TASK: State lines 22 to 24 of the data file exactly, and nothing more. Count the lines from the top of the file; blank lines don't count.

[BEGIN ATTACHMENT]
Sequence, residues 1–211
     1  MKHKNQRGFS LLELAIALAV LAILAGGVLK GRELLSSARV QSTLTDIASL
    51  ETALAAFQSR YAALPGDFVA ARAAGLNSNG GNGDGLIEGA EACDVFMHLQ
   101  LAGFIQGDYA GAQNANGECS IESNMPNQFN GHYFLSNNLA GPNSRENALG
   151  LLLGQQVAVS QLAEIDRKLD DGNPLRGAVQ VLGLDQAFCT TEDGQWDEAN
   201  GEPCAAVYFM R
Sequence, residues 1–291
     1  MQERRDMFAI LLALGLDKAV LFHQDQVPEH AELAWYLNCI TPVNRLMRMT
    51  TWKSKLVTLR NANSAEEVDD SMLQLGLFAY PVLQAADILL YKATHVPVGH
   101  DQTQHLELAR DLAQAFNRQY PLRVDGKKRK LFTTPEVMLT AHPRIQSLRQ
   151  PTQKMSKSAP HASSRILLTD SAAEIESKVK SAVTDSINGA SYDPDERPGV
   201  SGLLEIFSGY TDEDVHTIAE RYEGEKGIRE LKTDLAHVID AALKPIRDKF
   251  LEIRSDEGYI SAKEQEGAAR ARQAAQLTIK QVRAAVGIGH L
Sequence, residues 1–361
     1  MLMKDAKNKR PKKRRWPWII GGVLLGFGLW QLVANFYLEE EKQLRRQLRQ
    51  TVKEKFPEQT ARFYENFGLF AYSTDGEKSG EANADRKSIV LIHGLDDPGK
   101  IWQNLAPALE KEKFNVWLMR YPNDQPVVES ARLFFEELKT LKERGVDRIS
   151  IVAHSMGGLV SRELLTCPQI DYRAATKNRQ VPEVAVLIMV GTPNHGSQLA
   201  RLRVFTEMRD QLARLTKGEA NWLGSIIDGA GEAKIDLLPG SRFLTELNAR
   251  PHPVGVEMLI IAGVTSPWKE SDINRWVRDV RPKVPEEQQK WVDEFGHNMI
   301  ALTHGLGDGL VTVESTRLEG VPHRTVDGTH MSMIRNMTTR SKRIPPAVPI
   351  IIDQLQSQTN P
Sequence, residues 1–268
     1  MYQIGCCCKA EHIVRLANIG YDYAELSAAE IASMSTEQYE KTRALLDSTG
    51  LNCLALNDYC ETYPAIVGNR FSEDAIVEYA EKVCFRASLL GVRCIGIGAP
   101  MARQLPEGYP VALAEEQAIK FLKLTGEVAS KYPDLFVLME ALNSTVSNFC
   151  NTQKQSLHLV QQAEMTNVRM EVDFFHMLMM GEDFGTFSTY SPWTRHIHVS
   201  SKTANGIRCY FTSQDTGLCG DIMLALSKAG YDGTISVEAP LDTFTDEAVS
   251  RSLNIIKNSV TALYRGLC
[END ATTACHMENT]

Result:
   351  IIDQLQSQTN P
Sequence, residues 1–268
     1  MYQIGCCCKA EHIVRLANIG YDYAELSAAE IASMSTEQYE KTRALLDSTG